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This blog is written by Wysing's Director, Donna Lynas, and is about some of the things happening at Wysing, or influencing what happens at Wysing.

Archive: April 2013

Time Passing  26 April 2013

I went to Kettle’s Yard’s opening last night. It was a sombre occasion because only yesterday morning we learned that Michael Harrison, who was Director at Kettle’s Yard for 19 years, had passed away through the night. I was in two minds about going because I’ve been so busy but then, when I heard the news, I thought I would call in and see everyone. There couldn’t have been a better exhibition to be opening on such a sad occasion than Katie Paterson’s solo presentation of spare and restrained works that reflect on the passage of time, and our place in the history of the earth. The main purpose of the exhibition was to show her new work Fossil Necklace which she made whilst in-residence at  the Wellcome Trust Sanger Institute in Cambridge. I’d heard a lot about this necklace and seen some images of its fossil beads, but I was genuinely surprised by its real-life presence. Mainly because of its scale – the beads, 150 in total, were absolutely tiny, and incredibly beautiful. Someone handed me a magnifying glass and it really was a magical experience seeing tiny shapes of ferns and dinosaur teeth, embedded into the beads, emerge. It's a quiet, serious, work and utterly without artifice, and had been installed in St Peter’s Church next to Kettle's Yard, simply strung from the ceiling. The oldest bead is apparently around 3.5 billion years old and the rest charted the history of life on earth, in chronological order. I’m sure that everyone who went to the opening, and saw that work, reflected on Michael and on all of the people we know, and how we and they will also be gone eventually. Goodbye to artist Ellen Cantor this week too. Time passing.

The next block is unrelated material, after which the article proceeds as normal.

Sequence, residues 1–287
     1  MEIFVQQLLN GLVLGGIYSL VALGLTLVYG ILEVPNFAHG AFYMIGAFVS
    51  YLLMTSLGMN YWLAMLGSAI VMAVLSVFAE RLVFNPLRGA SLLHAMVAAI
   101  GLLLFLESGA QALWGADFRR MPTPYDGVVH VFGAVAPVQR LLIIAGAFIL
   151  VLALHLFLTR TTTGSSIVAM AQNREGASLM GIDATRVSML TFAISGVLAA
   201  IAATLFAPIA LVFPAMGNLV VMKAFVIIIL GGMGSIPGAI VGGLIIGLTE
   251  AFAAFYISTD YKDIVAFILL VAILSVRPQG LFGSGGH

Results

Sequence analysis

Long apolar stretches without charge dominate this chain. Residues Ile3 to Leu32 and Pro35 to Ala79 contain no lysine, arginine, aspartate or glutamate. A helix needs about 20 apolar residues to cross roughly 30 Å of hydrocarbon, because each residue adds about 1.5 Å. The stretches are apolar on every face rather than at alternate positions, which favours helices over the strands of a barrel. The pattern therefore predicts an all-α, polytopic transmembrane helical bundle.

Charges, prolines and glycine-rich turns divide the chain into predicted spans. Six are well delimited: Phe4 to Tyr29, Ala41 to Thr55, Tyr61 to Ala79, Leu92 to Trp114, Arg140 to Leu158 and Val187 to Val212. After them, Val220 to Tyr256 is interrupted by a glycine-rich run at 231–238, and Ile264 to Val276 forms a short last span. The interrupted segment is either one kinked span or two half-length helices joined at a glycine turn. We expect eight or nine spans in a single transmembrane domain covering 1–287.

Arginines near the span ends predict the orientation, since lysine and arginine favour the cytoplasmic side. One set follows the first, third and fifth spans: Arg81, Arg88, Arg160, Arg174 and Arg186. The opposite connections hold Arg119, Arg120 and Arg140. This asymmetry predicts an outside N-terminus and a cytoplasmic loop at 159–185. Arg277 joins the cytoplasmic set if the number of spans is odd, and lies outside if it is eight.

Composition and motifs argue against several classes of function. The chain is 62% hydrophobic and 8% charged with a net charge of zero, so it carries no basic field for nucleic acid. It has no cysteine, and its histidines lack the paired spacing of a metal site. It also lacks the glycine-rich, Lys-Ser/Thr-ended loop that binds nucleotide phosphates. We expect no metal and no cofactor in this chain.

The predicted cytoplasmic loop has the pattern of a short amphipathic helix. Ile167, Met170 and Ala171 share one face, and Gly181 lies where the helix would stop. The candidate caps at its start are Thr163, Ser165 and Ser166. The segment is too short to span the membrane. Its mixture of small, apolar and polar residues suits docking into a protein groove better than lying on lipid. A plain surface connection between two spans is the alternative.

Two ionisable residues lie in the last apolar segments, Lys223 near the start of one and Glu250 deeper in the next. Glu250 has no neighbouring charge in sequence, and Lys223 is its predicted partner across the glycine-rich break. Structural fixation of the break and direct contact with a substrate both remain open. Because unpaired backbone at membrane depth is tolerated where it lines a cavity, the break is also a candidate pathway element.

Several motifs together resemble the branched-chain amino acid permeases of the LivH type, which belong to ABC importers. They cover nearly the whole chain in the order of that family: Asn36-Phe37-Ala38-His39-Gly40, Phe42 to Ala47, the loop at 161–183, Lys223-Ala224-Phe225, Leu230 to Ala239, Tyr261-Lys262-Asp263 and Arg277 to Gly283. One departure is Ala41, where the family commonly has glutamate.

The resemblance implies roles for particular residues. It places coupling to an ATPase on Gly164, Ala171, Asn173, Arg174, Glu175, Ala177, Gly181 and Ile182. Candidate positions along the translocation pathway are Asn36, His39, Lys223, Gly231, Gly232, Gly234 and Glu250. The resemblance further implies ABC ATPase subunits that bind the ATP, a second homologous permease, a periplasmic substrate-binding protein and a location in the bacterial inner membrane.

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Tree Keep  7 April 2013

Marshall Allen was very taken with our Tree Keep last night, especially as the skies were so clear and starry. It was built by outsider artist Ben Wilson in the early 1990s when this photo was taken. It's still just about standing though that sapling is now a huge tree.

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Derry  5 April 2013

I dragged my family all the way to Derry yesterday to experience the UK’s first City of Culture, an opportunity it won over other great cities – Birmingham, Sheffield and Norwich. I hasten to add that I didn’t drag them all the way from Cambridge where I now live but from another part of Northern Ireland where most of my family live. Except that other exile, my much adored only sister who now lives in the US. I chose yesterday – 4 April – in fact because she left us that morning to return westward and I thought it might distract us from that fact. And because the homepage of a gallery I wanted to visit said that its new exhibition was open from 4 April. It wasn’t, at least not until 6pm that evening when we would be gone again. In fact, nothing seemed to be open. Not even the city’s beautiful Guildhall which was not only shut, but totally behind fencing. There wasn’t a mention of the City of Culture in either the train or bus stations. The Tourist Information signage in the city centre didn’t mention it either. Or have any maps of cultural highlights - we had to Google from our phones to find addresses of places. There wasn’t even the shop HQ place they had two years ago when I last visited and when the city was bidding from City of Culture status. Maybe it had moved somewhere else and we just couldn’t find it. The only evidence of it all was one of those awful outdoor screens which seemed to be broadcasting the TV, and a few flags. What’s going on? Derry is one of the most important cities in Ireland. It encapsulates the whole of Irish history in one historic centre - a walled city that was established in the 6th century and has seen centuries of rebellion from the 17th century right up until the recent Troubles and the civil rights movement. It really has the most complex and important political and cultural history and identity. Maybe it’s all still waiting to happen - the Turner Prize and other home grown cultural events arrive and emerge later in the year. But there’s not much going on at the moment. Even though it's the school holidays. Maybe it' s supposed to be low key and quiet. Oh well. It's still the friendliest city I know and the train journey there is through some of the most stunning scenery you are ever likely to see. And the banks of the Lough Foyle estuary were literally teeming with wading birds of all kinds – avocets, oyster catchers, sandpipers, geese, whooper swans. Beautiful.

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